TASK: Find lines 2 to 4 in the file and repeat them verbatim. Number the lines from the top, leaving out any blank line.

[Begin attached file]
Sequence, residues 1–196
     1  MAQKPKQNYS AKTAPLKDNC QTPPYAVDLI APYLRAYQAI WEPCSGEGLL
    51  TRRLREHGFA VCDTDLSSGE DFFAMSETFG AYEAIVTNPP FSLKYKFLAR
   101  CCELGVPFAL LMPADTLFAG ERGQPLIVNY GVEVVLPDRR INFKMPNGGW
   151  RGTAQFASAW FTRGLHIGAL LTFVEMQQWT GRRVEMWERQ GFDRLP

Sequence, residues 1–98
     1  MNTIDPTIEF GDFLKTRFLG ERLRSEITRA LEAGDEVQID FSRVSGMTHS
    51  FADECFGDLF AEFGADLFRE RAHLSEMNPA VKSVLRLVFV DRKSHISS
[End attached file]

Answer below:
     1  MAQKPKQNYS AKTAPLKDNC QTPPYAVDLI APYLRAYQAI WEPCSGEGLL
    51  TRRLREHGFA VCDTDLSSGE DFFAMSETFG AYEAIVTNPP FSLKYKFLAR
   101  CCELGVPFAL LMPADTLFAG ERGQPLIVNY GVEVVLPDRR INFKMPNGGW